|Wally Joyner, who hit .289 in a|
16-year career, will be an
assistant hitting coach for the
Philadelphia Phillies next year.
Less obvious to many of us on the outside is what exactly these coaches do. Since the sixth coach became the norm back in late 1990s, most teams have identified a coach as the "bench coach." Pitching coach, hitting coach, third base coach, first base coach, bullpen coach, bench coach.
The duties of two are obvious in the title; the bullpen coach, I suspect, is largely there in order to have an authority figure hanging out with the relief corps; the base coaches generally have other duties than waving at baserunners, but they can differ from team to team. (I assume that's why the Twins last month identified the new duties of Scott Ullger and Joe Vavra as outfield/baserunning instruction and infield instruction, respectively.)
And the bench coach? His duties are even more vague.
This fall, a number of teams have turned to identifying a coach not as bench coach but as "assistant hitting coach."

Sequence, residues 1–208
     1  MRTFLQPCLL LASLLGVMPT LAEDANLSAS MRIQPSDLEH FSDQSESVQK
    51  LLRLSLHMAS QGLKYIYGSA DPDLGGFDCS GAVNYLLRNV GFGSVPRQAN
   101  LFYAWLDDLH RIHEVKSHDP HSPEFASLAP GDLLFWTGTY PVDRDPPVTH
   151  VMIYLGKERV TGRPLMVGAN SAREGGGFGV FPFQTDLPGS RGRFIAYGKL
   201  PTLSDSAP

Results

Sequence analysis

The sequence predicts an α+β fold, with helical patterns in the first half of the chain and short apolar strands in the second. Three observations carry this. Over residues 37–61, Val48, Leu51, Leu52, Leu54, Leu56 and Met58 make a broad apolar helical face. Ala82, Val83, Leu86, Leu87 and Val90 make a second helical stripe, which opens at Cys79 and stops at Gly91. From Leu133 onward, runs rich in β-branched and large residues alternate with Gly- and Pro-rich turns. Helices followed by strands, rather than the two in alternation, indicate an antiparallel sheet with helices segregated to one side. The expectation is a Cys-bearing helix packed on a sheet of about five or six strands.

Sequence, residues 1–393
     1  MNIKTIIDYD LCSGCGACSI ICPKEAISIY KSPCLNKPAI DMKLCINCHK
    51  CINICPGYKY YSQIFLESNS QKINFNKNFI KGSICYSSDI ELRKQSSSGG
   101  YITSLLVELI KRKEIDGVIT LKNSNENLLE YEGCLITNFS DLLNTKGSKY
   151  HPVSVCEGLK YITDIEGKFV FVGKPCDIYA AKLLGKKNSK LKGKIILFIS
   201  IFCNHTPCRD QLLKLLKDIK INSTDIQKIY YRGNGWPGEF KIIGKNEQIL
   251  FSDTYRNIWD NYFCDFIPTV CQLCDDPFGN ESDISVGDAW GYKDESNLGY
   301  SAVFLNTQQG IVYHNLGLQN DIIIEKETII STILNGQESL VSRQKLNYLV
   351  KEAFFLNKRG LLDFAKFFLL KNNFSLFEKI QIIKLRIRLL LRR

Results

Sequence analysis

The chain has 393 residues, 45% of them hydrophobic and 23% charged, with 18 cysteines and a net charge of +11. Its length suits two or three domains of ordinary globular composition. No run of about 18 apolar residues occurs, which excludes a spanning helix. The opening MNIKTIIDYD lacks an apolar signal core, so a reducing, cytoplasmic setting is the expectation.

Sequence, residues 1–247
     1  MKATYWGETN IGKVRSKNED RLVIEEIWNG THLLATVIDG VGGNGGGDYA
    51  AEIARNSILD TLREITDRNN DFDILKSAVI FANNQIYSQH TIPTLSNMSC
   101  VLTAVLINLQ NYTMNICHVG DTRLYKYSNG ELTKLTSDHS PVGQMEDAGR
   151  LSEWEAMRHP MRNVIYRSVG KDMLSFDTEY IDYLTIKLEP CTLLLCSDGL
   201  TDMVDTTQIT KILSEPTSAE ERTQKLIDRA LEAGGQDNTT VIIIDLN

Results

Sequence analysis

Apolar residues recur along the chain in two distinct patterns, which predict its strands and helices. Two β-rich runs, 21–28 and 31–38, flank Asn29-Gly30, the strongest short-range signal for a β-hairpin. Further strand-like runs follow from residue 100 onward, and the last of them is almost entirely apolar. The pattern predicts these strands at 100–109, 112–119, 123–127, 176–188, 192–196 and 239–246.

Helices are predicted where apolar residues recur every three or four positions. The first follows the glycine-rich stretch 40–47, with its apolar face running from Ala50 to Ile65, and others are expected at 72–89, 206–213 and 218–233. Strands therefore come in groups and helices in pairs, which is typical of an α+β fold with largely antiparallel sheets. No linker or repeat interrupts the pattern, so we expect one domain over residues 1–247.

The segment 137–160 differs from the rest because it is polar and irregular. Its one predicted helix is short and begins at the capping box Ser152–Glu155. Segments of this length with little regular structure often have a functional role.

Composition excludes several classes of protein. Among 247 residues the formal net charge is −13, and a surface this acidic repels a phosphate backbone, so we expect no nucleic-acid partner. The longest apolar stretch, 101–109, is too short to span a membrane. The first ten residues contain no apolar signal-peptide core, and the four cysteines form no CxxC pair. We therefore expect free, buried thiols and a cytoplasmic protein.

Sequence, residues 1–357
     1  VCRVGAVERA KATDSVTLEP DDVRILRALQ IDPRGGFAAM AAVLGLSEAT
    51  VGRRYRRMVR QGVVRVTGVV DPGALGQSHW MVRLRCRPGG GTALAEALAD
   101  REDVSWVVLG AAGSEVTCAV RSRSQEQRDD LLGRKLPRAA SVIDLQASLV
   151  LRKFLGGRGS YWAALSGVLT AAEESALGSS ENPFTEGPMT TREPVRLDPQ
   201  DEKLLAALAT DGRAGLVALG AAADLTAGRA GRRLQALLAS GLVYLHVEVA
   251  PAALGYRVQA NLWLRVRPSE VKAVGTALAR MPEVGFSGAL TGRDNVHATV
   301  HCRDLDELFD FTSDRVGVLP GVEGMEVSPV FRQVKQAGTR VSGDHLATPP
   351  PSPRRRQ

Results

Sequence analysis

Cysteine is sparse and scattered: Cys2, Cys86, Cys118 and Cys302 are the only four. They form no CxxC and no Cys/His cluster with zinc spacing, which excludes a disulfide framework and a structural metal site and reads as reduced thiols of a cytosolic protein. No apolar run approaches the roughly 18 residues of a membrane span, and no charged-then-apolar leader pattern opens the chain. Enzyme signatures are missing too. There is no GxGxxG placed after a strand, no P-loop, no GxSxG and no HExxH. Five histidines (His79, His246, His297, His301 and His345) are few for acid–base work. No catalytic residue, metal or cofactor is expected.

- The Kansas City Royals, having fired hitting coach Kevin Seitzer, hired Jack Maloof as hitting coach and Andre David (who played for the Twins in 1984 and '86) as assistant hitting coach.
- The Los Angeles Dodgers hired Mark McGuire as hitting coach and John Valentin as his assistant.
- The Boston Red Sox haven't hired any hitting coach for 2013, but they intend to have two.
- The Philadelphia Phillies have Steve Henderson and Wally Joyner as his assistant.
- The Tampa Bay Rays were at least considering such a move. (This link is particularly useful for detailing a rationale for two hitting coaches.)
The Twins aren't following this trend -- officially. Terry Steinbach is listed as catching instructor/bench coach. But they do have two former hitting coaches on their staff in Ullger and Vavra, and new hitting coach Tom Brunansky has suggested that Vavra, who held the job last season, will be helpful to him.